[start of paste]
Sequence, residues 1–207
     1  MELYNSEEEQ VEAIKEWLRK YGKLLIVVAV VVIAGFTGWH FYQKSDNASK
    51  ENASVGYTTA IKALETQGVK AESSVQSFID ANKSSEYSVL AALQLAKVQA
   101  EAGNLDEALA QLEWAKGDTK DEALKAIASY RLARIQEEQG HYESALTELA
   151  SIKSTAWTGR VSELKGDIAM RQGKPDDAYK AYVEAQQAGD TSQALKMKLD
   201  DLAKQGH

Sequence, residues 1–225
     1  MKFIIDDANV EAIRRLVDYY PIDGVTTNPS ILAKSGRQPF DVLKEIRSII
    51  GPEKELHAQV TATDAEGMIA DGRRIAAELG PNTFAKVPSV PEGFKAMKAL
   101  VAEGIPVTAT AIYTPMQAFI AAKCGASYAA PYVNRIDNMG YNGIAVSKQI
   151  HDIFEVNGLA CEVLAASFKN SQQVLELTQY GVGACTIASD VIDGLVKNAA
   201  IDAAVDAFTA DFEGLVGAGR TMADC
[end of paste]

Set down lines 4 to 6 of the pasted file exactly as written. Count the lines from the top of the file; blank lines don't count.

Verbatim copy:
   101  EAGNLDEALA QLEWAKGDTK DEALKAIASY RLARIQEEQG HYESALTELA
   151  SIKSTAWTGR VSELKGDIAM RQGKPDDAYK AYVEAQQAGD TSQALKMKLD
   201  DLAKQGH